[1] Upon the motion for nonsuit in malpractice cases the ordinary rules apply. The evidence must be construed most strongly in favor of plaintiff and every reasonable inference from the evidence drawn in his favor. (Lashley v. Koerber, 26 Cal. 2d 83 [156 P.2d 441].)

[2] The first count charged that "defendants ... so negligently and carelessly prescribed for and treated plaintiff by administering to plaintiff divers bromides and other dangerous and deleterious drugs ... in dangerous and detrimental quantities ... that plaintiff ... was caused to and did contract severe bromide poisoning and was rendered ill and nervous and was caused to and did suffer great physical and mental pain ..."

There is no evidence that respondent Hamilton ever saw, let alone treated, appellant until after he was admitted to Twin Pines Sanitarium suffering from an excess of bromide in his blood and no evidence from which a jury could find that he gave him an overdose of any drug thereafter.

As to respondent Snow insofar as bromide poisoning is concerned there is no evidence other than that Dr. Snow told appellant to "take bromide" or "take a bromide." The evidence shows that the bromide which appellant secured could be purchased from any drug store without prescription and that the proper dosage was printed on the label of the bottle. There is no evidence that bromide taken in accordance with these directions would normally have the effects which followed in this case or that a physician following the usual and customary practice in the community would be negligent in prescribing "bromide" or "a bromide" for this appellant. This is not one of those cases in which we, or a jury, could from common knowledge say that the respondent Snow was guilty of negligence in suggesting that appellant take bromide.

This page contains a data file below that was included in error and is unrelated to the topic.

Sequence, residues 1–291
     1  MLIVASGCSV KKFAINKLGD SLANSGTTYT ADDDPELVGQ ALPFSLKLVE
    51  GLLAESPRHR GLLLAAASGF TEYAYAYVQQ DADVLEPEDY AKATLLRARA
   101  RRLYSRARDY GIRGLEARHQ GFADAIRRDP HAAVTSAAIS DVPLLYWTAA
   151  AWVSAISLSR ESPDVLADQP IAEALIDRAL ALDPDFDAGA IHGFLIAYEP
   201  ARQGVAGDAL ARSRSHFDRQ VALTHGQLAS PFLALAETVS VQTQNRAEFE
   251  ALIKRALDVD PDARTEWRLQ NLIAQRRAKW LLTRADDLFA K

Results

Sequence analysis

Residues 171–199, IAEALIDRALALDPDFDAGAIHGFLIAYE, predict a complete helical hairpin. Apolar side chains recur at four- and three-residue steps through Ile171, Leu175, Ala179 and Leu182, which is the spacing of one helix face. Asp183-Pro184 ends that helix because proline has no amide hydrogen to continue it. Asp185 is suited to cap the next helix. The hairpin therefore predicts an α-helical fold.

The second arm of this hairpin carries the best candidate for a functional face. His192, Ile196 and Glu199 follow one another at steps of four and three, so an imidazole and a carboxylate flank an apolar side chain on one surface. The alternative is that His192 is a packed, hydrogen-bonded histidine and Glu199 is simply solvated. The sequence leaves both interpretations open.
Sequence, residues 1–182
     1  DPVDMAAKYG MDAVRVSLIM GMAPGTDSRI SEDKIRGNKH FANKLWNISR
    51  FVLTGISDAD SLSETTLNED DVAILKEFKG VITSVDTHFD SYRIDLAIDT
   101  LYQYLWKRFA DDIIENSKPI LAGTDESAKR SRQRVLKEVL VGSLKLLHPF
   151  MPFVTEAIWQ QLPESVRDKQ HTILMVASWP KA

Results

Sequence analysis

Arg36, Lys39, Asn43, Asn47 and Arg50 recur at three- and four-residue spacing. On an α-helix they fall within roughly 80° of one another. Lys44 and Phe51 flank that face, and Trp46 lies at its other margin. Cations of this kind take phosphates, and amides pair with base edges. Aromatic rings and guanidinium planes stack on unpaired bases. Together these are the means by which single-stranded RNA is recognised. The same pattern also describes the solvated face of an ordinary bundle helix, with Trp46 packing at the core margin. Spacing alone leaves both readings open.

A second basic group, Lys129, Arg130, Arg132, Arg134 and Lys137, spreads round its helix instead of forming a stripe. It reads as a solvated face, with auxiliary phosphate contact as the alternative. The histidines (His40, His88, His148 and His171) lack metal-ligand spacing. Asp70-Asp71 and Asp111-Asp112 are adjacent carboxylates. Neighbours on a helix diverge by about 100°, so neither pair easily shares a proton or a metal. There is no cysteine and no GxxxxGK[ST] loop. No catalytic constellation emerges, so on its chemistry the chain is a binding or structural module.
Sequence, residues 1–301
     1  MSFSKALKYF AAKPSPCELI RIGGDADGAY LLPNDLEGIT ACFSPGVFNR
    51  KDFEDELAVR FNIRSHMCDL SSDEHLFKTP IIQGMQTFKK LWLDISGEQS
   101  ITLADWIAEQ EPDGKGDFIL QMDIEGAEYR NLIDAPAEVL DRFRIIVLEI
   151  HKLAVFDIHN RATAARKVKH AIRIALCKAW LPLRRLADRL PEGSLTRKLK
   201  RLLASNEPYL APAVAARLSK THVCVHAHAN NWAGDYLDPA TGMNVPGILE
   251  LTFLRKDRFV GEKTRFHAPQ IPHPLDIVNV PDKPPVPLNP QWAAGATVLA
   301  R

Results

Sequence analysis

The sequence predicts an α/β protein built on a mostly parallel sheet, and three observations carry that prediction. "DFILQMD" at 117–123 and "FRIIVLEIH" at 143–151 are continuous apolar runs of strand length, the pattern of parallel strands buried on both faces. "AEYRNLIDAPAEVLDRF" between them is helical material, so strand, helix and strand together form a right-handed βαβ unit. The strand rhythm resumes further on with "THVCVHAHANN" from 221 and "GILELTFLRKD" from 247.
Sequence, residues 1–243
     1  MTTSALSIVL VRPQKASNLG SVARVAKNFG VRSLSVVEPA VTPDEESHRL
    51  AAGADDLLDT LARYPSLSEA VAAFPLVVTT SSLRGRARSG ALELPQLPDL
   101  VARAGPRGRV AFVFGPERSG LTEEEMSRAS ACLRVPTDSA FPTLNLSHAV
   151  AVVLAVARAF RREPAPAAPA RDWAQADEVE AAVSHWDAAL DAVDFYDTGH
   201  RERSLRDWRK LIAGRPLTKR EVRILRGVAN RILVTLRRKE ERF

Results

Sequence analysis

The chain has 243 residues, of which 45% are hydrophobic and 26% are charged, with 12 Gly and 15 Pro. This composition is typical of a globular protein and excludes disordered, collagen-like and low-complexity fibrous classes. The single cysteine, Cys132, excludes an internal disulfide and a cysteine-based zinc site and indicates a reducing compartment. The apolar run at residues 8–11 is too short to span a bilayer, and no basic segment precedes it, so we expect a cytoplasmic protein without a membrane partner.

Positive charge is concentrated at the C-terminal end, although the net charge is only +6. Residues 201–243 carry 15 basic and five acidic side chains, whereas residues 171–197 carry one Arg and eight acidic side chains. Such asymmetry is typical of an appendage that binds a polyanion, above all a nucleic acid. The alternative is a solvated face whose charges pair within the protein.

Dr. Snow did testify that after his release from the hospital the second time he thought that he had given appellant too much tuinal, but there is no evidence that this drug contained bromide or did or could have contributed to the excess of bromide in appellant's blood or caused any of the illness or ill effects from which he afterwards suffered.

[3] On the count for malicious prosecution, appellant cites Kellogg v. Cochran, 87 Cal. 192 [25 P. 677, 12 L.R.A. 104], in support of his argument that the commitment order of the superior court is not a bar to the action for malicious [162 Cal. App. 2d 643] prosecution. The later cases of Fetterley v. Gibson, 210 Cal. 282 [291 P. 411], and Schwartz v. Schwartz, 25 Cal. App. 2d 303 [77 P.2d 260], squarely decided that the court's order of commitment is a bar to such an action and in the latter case one of appellant's counsel in this case made the same argument and cited Kellogg v. Cochran, supra, to no avail. (See Schwartz v. Schwartz, supra, 25 Cal.App.2d p. 304.)

[4] In any event "probable cause has been in substance defined as such a state of facts as would lead a reasonably prudent man to believe that the plaintiff was insane." (Brock v. Southern Pac. Co., 86 Cal. App. 2d 182, 196 [195 P.2d 66].) [5] The evidence shows that appellant was suffering from delusions that people were shooting at him and that he was being given poison and the records of Agnews State Hospital show that appellant was suffering from the same sort of delusions five days after being admitted there. On this uncontradicted evidence the facts were clearly sufficient to constitute probable cause for seeking appellant's commitment.

Judgment affirmed.

Kaufman, P. J., concurred.